Koreatown's History as Told Through Its Restaurants
It’s difficult to imagine that once upon a time, Los Angeles’ vast Koreatown neighborhood only consisted of churches, modest homes, and about 650 residents. That was back in the early 1900s. Today, Koreatown is one of the city’s more densely populated communities with over 70,000 residents living within 3 square miles. It’s unclear where the exact boundaries for K-Town are because the neighborhood itself is still rapidly expanding, but it’s bordered by other popular Central LA areas, including Windsor Square, Mid-Wilshire, Silver Lake, East Hollywood, and Harvard Heights. As Koreatown grew throughout the years, so did its small businesses, from shopping establishments and beauty salons to dessert shops and nightclubs.
For most visitors and locals, their first visit to K-Town typically involves eating out at one of the neighborhood’s many restaurants. Afterall, there are hundreds of local eateries offering anything from traditional Korean food such as bibimbap, oxtail soup, and Korean barbecue to diverse options like tacos, steak, fried chicken, and even vegan burgers. What many people don’t know about Koreatown is that its rich history can be traced through its restaurants.
Here are four restaurants in K-town, considered by many as local staples or hidden gems, all with deep historical roots.
HMS Bounty Bar and Restaurant
Located on the ground floor of the historic Gaylord Apartment Building is the ever-popular HMS Bounty Bar and Restaurant. HMS Bounty is one of Koreatown’s oldest restaurants, sitting at the edge of the community on Wilshire Blvd. Although some might expect this longstanding establishment to serve Korean cuisine, it’s actually one of the few spots in the neighborhood that features old-school American food.
Although HMS Bounty was officially opened in 1962, the building and previous establishments were already well-recognized and frequented by many of Hollywood’s elite, including actor Jack Webb, radio host Walter Winchell, and journalist William Randolph Hearst. The restaurant was formerly known by several names, including The Gay Room, Gaylord Dining Room, Secret Harbor, and Golden Anchor. However, the nautical-themed HMS Bounty Bar and Restaurant remains popular and open today.
Despite the restaurant’s many revamps throughout the past century, its interior as well as its menu still stays true to its original food items from nearly 60 years ago. HMS Bounty represents a time before Koreatown was known for being Koreatown—when Old Hollywood still reigned strong in the area.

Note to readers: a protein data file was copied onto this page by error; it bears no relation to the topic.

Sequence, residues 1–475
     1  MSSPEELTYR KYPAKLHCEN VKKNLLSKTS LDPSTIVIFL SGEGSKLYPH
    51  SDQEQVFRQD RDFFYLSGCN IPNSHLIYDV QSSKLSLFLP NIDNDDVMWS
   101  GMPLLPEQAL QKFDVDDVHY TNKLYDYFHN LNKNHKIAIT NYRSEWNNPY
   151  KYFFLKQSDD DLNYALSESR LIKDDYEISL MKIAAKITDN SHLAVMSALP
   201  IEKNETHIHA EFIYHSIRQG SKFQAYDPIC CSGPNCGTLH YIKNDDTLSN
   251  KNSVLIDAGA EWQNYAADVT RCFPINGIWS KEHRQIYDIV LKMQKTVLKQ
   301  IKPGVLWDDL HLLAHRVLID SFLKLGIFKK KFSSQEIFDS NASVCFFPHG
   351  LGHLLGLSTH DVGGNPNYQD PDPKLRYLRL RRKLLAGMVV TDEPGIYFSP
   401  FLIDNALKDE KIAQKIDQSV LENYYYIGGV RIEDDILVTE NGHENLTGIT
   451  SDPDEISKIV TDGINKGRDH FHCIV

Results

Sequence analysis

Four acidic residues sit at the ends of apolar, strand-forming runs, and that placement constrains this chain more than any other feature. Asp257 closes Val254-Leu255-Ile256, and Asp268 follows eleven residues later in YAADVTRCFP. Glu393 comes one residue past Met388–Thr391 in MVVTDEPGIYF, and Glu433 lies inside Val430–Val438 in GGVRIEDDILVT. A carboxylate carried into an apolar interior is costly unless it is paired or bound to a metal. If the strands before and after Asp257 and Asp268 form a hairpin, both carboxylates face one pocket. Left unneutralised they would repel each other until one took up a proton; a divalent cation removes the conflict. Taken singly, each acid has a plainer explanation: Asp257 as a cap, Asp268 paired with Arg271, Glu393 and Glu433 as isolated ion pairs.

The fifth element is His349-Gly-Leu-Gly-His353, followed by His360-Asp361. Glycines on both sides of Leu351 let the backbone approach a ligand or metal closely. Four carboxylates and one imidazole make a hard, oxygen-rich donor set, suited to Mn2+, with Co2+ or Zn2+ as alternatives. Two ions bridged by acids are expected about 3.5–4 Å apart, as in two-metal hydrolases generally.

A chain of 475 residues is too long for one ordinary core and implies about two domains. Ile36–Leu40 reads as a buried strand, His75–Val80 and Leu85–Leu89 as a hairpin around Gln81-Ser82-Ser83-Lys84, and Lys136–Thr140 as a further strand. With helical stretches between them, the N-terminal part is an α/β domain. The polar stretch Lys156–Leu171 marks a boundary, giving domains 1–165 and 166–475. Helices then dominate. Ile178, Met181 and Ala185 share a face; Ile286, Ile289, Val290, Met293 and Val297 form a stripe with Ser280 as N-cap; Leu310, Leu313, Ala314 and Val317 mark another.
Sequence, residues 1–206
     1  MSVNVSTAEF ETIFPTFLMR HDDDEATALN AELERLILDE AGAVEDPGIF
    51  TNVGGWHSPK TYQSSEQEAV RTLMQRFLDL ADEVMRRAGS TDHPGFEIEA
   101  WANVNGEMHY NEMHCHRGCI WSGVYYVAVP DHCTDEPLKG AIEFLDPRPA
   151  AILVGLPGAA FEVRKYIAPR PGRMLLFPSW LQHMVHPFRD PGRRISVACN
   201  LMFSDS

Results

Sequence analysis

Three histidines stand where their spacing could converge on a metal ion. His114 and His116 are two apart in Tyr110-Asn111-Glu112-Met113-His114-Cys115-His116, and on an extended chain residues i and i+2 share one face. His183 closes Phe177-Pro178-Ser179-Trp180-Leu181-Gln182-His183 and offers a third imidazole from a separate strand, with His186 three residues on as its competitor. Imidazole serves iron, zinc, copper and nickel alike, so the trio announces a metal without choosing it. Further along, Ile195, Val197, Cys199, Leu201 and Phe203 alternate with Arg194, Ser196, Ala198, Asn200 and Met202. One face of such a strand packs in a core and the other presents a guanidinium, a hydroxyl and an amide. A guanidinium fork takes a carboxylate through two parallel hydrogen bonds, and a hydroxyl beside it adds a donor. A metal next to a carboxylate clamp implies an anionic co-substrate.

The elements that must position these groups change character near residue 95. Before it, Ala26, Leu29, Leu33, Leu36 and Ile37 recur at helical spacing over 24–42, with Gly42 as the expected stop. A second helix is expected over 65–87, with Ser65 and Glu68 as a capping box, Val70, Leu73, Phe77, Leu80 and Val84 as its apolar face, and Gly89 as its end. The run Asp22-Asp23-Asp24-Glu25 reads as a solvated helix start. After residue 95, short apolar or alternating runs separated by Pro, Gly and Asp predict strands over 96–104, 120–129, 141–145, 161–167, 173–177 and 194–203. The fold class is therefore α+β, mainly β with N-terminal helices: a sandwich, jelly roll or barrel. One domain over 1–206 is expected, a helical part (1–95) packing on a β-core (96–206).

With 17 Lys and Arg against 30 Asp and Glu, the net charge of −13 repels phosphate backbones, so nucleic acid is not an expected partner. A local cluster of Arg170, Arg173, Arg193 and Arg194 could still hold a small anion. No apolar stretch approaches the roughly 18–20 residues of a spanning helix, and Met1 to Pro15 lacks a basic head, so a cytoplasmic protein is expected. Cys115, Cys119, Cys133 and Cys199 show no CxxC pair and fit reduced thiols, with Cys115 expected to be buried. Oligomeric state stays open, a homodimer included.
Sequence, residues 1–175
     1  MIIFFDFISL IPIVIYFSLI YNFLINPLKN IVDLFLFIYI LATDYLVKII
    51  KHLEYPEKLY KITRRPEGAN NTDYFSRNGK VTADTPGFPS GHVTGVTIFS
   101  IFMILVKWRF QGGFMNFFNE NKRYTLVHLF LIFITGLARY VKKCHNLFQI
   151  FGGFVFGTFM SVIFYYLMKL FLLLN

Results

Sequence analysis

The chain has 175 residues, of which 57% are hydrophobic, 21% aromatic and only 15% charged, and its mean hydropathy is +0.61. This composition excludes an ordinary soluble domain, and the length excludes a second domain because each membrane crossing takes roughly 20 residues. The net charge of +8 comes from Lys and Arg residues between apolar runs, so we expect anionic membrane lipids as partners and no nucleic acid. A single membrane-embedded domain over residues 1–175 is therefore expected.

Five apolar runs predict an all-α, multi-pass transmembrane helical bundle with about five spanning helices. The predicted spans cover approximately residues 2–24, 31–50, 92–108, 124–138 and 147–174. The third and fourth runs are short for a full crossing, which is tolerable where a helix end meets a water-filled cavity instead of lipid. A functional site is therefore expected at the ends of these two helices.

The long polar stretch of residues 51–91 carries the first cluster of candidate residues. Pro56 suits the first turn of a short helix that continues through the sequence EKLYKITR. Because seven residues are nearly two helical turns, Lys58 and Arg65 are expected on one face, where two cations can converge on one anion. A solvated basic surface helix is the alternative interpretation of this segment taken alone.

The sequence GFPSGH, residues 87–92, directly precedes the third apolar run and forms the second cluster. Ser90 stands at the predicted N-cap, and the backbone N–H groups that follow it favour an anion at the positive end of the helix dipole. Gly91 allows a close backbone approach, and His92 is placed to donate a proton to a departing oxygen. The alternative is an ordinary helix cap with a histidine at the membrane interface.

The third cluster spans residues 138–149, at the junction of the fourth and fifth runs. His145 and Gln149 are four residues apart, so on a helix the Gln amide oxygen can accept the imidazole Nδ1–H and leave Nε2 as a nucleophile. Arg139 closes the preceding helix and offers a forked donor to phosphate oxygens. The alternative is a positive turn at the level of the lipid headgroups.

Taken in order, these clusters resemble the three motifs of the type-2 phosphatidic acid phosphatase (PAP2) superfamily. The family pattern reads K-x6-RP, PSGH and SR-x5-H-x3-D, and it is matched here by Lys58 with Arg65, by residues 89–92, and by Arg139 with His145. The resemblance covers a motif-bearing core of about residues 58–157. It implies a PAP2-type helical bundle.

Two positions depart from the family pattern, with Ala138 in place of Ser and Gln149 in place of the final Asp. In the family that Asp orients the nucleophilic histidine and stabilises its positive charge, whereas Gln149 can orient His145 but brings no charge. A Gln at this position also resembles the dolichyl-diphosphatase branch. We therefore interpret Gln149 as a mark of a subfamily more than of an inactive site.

The Prince Restaurant
Another Koreatown staple is The Prince, a famous bar and lounge that might look familiar to those who have seen the film “Chinatown” or lauded shows such as “Mad Men” and “New Girl.”
Formerly known as The Windsor, the partially underground restaurant and bar is probably best known for its crafted Korean-style cocktails and its extravagant decor. Although the building has gone through a number of renovations and changed hands several times, the classic red booths as well as its gold-laced wallpaper, vintage lamps, and mahogany bar have remained the same.
The Prince marks a time in Koreatown’s history when the neighborhood was transitioning from upscale American suburb to a more cultural and diverse destination. The building’s Tudor Revival-style architecture is characteristic of many of the neighborhood’s apartment buildings during the mid-1900s.
HMS Bounty represents a time before Koreatown was known for being Koreatown—when Old Hollywood still reigned strong in the area.
Dong Il Jang
Dong Il Jong is one of the oldest restaurants in K-Town, providing visitors with an intimate and old-school atmosphere. The dining room decor is reminiscent of LA during the 1950s, showcasing a dimly lit interior, red vinyl booths, retro-style tables, and wallpaper with scripture.
First opened in 1977, Dong Il Jang was one of the first restaurants to come around when the neighborhood officially became solidified as Koreatown in the 1980s. During this period, many Korean-run establishments would often only serve Korean barbecue to its non-Korean customers, regardless of what food was actually sold there. Its menu hasn’t changed at all since its opening, and visitors frequent this restaurant for its Korean steak tartare and, of course, its Korean barbecue cooked on a banquet-style grill.
Cassell’s Hamburgers on 6th Street remains one of LA’s first classic homemade burgers. When real estate worker Al Cassell first opened this burger restaurant in 1948, it was hailed as one of the best burgers in the city thanks to its freshly ground meat and overall quality. It has reigned in popularity as a go-to lunch spot throughout the decades, lauded as one of the original joints serving chef-style burgers in Los Angeles.
However, after the establishment of Koreatown in the 1980s and the havoc of the LA riots in Koreatown during the 1990s, the restaurant started struggling until it changed hands in 2010. After going through a restaurant revamp while still retaining some of its original decor, Cassell’s was renewed as one of LA’s original burger places. Today, Cassell’s Hamburgers is a staple establishment with locations in both Koreatown and DTLA.
Koreatown has grown throughout the years into one of LA’s prime neighborhoods to live in. Not only is the area packed with top-notch cuisine, boutique stores, markets, nightclubs, and spas, it’s also starting to attract more homeowners thanks to development booms happening both in and around the neighborhood.